Julie Anne Long’s Pennyroyal Green: Countdown to Lyon & Olivia!

Loving a series is hard, sometimes. You wait and wait for the gratification of that final book, but do you really want it? Because then the end will be upon us? Honestly, I can say to you, dear readers, yes, I am 100 percent ready for Lyon and Olivia’s book. Now please. I’ve been along for the ride with Julie Anne Long for nearly eight years, and I am here to tell you that It. Is. Time.

The good news is that Julie agrees with me, and The Legend of Lyon Redmond will at last be with us next week! I am so excited. Seriously I look like this: 

Or maybe, more accurately, like this: 

Kathe Robin, RT’s longtime historical reviewer — she’s been with the magazine nearly since its inception, more than 30 years ago — tells us that we’re going to be surprised by the ending. And Kathe knows basically everything about historical romance. So if I was excited before, we are now basically at DefCon 1.

 

Avon, who publishes the series, is all about whipping us into a frenzy, and I am only too happy to contribute to the frothing. So today we’re sharing an excerpt from the very end of the next-to-last Pennyroyal Green book,  It Started with a Scandal. I gasped in surprise when I first read it, and even now I get excited, because while we’re getting the sweet finale to Elise and Lavay’s story, the last page of the book, more importantly, in my opinion, sets in motion the events of The Book We Have All Been Waiting For. Here, check it out:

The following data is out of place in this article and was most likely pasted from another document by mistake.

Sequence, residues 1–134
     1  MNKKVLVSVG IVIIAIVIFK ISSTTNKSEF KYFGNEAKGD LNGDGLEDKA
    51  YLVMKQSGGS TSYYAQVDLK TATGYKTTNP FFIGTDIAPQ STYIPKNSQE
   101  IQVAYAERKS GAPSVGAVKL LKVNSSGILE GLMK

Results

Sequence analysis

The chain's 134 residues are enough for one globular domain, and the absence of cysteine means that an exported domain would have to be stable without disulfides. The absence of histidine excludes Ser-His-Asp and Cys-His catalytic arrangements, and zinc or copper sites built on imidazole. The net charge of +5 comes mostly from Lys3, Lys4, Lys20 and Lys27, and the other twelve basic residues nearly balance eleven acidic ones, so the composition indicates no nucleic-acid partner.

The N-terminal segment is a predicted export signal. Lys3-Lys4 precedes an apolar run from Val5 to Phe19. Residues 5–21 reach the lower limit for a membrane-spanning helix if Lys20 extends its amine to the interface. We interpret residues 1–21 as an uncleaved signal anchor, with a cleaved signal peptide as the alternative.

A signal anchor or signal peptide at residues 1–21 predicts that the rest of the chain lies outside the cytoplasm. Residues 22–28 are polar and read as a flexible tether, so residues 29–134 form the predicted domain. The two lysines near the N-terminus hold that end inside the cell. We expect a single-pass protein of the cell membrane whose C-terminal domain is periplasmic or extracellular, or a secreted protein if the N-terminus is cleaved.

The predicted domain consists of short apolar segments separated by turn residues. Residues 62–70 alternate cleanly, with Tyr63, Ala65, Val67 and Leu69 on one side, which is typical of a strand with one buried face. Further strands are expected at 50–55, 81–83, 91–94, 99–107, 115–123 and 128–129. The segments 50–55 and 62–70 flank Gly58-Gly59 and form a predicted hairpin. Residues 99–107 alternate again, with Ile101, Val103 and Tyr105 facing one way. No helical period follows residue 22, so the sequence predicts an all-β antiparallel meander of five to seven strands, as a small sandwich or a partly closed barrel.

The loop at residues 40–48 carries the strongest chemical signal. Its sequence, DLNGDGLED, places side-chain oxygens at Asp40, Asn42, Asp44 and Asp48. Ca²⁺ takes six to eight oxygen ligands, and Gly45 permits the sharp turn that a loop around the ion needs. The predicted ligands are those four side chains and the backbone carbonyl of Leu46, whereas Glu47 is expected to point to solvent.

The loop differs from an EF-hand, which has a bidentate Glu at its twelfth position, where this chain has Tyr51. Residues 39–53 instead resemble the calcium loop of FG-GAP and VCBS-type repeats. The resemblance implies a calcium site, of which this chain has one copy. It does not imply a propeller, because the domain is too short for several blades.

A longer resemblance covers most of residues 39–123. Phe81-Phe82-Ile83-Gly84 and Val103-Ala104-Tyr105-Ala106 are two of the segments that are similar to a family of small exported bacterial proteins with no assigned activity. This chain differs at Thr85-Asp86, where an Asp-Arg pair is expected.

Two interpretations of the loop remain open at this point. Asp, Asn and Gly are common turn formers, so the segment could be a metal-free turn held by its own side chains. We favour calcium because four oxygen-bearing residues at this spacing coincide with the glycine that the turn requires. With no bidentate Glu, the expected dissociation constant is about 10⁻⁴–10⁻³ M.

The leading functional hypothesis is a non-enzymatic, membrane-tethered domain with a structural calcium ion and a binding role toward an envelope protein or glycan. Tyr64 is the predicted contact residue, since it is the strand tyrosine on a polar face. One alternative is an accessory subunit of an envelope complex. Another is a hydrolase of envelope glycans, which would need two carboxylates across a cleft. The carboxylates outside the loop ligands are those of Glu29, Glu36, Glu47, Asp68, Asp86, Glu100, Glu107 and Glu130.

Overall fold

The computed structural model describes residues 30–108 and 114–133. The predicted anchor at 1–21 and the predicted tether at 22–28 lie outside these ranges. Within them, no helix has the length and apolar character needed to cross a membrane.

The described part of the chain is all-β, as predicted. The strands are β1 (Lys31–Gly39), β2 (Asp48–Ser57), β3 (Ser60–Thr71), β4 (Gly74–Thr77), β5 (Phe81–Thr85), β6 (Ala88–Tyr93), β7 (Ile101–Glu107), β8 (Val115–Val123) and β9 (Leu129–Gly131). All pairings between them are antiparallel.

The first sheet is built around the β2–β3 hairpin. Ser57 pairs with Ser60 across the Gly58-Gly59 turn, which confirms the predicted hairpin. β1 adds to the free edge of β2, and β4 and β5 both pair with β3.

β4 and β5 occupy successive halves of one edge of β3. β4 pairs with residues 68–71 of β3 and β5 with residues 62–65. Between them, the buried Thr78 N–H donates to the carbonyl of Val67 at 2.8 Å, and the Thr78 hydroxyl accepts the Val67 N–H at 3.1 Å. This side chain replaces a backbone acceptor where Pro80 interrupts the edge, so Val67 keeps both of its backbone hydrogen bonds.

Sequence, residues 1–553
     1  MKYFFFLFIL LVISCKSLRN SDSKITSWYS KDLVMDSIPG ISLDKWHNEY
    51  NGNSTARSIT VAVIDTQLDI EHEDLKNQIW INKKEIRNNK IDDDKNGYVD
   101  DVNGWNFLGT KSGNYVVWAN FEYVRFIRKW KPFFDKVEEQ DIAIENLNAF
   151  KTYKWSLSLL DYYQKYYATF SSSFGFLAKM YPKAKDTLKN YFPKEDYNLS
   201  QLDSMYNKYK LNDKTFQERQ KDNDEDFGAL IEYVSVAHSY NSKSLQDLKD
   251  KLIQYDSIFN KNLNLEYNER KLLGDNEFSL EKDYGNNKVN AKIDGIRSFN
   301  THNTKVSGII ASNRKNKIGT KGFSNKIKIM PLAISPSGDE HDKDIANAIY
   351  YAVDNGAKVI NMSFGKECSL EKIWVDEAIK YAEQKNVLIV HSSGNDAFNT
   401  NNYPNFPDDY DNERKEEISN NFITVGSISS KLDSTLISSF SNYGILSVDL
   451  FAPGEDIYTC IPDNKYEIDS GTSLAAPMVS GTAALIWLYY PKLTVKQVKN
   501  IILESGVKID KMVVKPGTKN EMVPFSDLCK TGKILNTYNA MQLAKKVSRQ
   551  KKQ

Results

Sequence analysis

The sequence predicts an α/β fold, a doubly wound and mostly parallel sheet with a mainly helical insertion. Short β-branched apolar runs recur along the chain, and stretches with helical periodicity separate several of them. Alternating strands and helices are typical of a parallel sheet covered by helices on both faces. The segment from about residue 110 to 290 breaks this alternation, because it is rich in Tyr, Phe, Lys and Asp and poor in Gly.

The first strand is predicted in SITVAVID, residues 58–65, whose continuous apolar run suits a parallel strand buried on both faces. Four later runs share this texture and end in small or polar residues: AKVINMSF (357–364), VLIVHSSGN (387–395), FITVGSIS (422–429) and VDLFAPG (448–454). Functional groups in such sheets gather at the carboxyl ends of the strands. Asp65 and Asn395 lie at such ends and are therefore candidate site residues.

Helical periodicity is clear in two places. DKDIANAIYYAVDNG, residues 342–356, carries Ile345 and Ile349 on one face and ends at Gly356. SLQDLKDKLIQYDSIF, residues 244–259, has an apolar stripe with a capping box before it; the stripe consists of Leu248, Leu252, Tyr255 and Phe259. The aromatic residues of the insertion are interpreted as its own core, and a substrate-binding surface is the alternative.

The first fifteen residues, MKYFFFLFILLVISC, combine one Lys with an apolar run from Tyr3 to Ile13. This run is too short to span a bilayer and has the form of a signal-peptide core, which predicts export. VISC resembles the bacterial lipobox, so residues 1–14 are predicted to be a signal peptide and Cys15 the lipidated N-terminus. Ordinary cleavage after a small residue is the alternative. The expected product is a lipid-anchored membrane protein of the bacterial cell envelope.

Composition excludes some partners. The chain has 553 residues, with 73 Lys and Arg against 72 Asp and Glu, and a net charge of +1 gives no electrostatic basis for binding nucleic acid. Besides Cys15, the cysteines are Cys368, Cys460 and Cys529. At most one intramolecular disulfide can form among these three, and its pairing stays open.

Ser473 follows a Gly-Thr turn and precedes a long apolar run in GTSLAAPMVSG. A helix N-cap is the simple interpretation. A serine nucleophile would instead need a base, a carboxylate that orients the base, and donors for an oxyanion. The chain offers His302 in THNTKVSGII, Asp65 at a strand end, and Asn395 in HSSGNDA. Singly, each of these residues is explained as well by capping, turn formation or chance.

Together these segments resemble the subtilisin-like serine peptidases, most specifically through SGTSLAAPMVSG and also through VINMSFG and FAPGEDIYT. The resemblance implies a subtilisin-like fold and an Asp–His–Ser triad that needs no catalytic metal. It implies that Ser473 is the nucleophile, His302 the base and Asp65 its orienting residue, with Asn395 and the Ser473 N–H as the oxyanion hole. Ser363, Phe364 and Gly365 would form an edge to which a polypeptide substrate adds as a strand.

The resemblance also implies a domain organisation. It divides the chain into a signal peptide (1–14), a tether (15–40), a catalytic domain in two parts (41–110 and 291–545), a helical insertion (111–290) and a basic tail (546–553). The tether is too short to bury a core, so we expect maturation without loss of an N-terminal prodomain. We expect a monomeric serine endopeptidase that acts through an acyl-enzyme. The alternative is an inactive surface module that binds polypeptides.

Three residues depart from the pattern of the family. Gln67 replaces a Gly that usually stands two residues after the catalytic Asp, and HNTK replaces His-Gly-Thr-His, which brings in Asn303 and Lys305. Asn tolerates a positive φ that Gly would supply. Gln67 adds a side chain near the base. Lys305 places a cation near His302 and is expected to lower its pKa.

They were married in the church in Pennyroyal Green by the Reverend Sylvaine. The wedding was attended by a very surprised but surprisingly sentimental Earl and Countess of Ardmay, and witnessed by happily weeping family members and servants.

And when they burst triumphantly from the church to the cheers of gathered onlookers, Philippe and Jack promptly climbed the bell tower together.

And then Philippe hoisted Jack up, and together they made that bell peal so joyfully it was heard in nearly every corner of Sussex.

And at the great celebration in the hall after the wedding, some noted that Seamus Duggan was a trifle more subdued than usual, and that his fiddle sounded a little more plaintive whilst playing the “Sussex Waltz.”

In London, Lyon Redmond, also known as Mr. Hardesty, a successful trade, was preparing to board his ship when a man in midnight blue, silver-trimmed livery strode up the gangplank.

All around their captain, hands went to swords and pistols, and the footman, to his astonishment, met a bristling phalanx of hard-faced men.

The footman bowed. “I seek Mr. Hardesty.”

“I am he.”

He bowed.

“For you, sir.” The footman extended the message.

“Hold,” Lyon said to the footman, who had, with great but unfounded optimism, turned to leave.

Poor Ramsey, who had won the coin toss, remained obediently motionless, face admirably impassive, while the tips of a half dozen swords glinted in the sun at him.

Lyon broke the seal.

He went still.

“Pay the man,” he said absently.

Someone flicked a guinea at Ramsey. He caught it neatly.

Nine words.

She’s getting married on the second Saturday in May.

And thusly, Lavay discharged his debt to Lyon Redmond.

Aughhhhhh, so good, right? Only a few more days, friends, until The Legend of Lyon Redmond will be with us. You can preorder your copy here: Amazon | BN | Kobo | iBooks | All Romance. And while we wait, you can check out some other coverage on our Everything Romance page. 

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